It was no mean a feat to traverse through nine States and three union territories covering a total distance of 6,000 kms in three weeks and braving the scorching dry summer heat of North India.
That is exactly what John Douglas Coutinho from Chandor did in the month of April on his mean machine the new Suzuki Intruder 1800.
He left from Chandor on 8th April along with Luke Townsend, his Irish friend of the last 22 years as a pillion rider. After whizzing past Belgaum, the first halt was at Mahableshwar for the night. The next day they passed through Maharashtra to stop at Daman to see the similarities with Goa due to their common link with the Portuguese. The three days spent in Daman due to Luke’s illness were disappointing as there is neither effort nor will to conserve the heritage monuments which could be crowd pullers.
Next was a three day tour of Gujarat with night halts at Baroda and Ahmedabad. While the changing face of Gujarat was a revelation the four-and-a-half hour long visit to the Sabarmati Ashram established by Mahatma Gandhi was an experience. “The peace that engulfs you is something that I shall always cherish and I was also impressed with the maintenance,” said John who is quite a globe trotter.
Rajasthan was next on the itinerary where the Lake Palace at Udaipur and City Palace at Jaipur were impressive. Besides they also visited the pilgrim centre at Puskhar where Luke offered a pooja. A memorable experience which will be life lasting was the oldest functioning camera at Jaipur captured John and Luke for posterity in black and white.
The highlight of the visit to Punjab was the trip to the Wagh border to witness the spectacle of lowering of the flats in the evening. Standing in the queue at 3:30 pm to witness the charade at 6:30 was in itself trying. However, the drama at the border was impressive as it evoked patriotism which manifested in even elderly ladies running with the national flag. However, Indians’ fascination with the white skin was evident as they got preferential treatment only because of Luke.
From Punjab it was to Himachal Pradesh traversing through treacherous terrains with bad roads. On the way to Dharamshala, they nearly went off the road but then the serenity at the Dharamshala was worth the trouble. Two nights were spent at Manali just to admire the snow capped mountains reminding them of Scotland where they vacation quite often. It was here that Luke had the painful experience of being kicked by a Yak that he tried to mount for a ride.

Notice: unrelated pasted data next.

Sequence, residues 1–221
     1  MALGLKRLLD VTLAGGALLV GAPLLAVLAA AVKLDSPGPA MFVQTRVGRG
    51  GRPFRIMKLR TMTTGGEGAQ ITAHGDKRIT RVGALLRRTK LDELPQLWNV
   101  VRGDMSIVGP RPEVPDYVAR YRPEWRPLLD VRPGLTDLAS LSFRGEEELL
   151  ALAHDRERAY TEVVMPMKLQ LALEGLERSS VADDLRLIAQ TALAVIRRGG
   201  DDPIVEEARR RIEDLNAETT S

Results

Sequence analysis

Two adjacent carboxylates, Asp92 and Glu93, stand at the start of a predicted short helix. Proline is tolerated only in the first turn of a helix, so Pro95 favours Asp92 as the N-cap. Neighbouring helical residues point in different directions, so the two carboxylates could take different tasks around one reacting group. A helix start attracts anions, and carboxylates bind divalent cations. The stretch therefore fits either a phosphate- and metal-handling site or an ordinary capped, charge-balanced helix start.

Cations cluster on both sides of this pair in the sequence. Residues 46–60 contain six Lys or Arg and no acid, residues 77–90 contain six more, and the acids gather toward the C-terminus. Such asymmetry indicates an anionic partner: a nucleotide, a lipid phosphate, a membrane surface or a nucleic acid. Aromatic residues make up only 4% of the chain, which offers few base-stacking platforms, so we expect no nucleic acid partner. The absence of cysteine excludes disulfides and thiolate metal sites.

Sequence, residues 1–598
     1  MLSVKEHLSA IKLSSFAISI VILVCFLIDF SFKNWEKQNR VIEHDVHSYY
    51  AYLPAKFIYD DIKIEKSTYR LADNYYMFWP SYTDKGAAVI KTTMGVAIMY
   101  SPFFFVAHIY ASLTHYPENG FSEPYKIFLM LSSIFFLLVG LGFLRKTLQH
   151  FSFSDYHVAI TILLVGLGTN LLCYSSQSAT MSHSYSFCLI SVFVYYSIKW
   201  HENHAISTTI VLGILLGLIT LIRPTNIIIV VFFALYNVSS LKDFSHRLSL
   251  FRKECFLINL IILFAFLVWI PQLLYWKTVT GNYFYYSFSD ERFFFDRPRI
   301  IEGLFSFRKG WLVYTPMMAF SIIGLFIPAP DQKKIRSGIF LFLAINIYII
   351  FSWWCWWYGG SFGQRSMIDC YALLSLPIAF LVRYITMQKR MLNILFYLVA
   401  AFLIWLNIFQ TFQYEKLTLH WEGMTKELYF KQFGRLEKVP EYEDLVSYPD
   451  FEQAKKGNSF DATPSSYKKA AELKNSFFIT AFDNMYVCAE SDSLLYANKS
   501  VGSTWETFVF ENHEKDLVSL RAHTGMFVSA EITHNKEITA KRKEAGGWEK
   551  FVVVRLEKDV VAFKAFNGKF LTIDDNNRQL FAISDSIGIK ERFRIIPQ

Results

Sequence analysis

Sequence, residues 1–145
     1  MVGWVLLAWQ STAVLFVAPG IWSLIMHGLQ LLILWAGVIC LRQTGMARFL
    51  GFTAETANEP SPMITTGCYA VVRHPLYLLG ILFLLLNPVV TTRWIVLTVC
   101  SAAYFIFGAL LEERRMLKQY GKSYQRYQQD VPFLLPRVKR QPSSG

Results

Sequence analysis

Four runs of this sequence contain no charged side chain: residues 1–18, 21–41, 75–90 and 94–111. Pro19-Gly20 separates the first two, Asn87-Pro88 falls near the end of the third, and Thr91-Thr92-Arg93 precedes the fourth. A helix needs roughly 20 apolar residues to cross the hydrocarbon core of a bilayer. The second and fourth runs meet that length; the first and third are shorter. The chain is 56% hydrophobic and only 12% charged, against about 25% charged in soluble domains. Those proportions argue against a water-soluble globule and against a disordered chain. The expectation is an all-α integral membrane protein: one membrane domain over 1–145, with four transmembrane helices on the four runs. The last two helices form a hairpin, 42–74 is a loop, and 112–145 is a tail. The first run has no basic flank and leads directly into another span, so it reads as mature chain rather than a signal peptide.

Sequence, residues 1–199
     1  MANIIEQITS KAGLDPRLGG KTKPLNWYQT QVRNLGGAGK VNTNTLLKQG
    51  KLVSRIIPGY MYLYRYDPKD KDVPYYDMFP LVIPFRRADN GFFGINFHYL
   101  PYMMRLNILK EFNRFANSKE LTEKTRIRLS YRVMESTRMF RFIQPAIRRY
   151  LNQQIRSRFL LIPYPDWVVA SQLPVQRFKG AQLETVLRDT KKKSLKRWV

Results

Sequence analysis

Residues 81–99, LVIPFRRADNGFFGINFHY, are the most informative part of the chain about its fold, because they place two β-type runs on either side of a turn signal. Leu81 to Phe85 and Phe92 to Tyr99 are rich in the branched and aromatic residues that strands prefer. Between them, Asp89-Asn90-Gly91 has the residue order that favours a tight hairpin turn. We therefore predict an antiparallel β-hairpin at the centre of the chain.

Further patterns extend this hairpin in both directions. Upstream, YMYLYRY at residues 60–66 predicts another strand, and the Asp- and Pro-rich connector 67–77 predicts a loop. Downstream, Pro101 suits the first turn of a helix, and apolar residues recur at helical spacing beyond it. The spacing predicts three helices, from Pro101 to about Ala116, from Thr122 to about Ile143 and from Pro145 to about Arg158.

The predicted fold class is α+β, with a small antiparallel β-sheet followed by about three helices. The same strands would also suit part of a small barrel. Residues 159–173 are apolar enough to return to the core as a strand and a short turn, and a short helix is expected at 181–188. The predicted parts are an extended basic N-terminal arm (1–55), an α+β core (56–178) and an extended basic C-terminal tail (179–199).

As it was time for Luke to depart, they rushed to Delhi and after Luke left for Ireland on 23rd April, began the return journey to Goa with a co-villager Ashley Antao for company. The first halt after leaving the national capital was Agra where all the sites including the Taj Mahal were taken in.
Travelling through Uttar Pradesh, the topography of Chambal was intimidating. But the attitude of the police was fascinating. “We were caught in the traffic for about 15 minutes during which time every truck passing by paid the cop there either Rs. 10 or Rs. 20 and there quite a number of trucks in queue, so one can imagine how much they earn,” quips Ashley.
Shivpuri in Madhya Pradesh is very deeply etched in their minds as they stayed in a palatial bungalow that was constructed for the night halt of a British prince who had visited the area for a tiger hunt during the reign of the raj. Though the prince did not stay there as he killed the tiger very early in the hunt, today it has been converted into a hotel that enchants every visitor.
Back in Maharashtra, it was time to taste wine at Sula’s winery at Nashik and also to see their vineyards before heading to Pune from where it was back to Goa.
The Yamaha Intruder 1800 did give some hiccups and coincidentally on the first and last day of the journey. While on the way of Mahableshwar it stalled and while returning to Goa a little after Pune it went dead. Fortunately the problem was resolved soon and the journey was not affected.
That Indians are obsessed with value for money was established during this trip as everywhere they went there were only two questions: 1) What was the price of the bike? 2) What was the mileage it gave? When Ashley joined John he wondered why John used to get upset with the question and would enthusiastically give the answers. However, the enthusiasm died within a day and he suggested that they carry placard with the answers to the two questions.
The heat was another experience that heated the machine to such an extent that John wanted to break an egg on the tank to have a fried egg. “We would soak a towel and tie it to our head and within no time the towel would be dry,” recalls Ashley.
In fact the heat necessitated rests and any place, be it a charpoy or the shade of a parked truck, a quick nap had to be taken.
Wherever they halted, there was always a crowd to admire the bike. In fact, en route to Mahableshwar John was scared that Luke might have fallen sick as he could not see him nor the bike but a huge crowd. Both of them had to literally push through the crowd to get to the bike for the onward journey.
However, it was a memorable experience and the duo are now planning the next trip which could either be of South India or Jammu and Kashmir which they missed despite being so close while in Himachal Pradesh.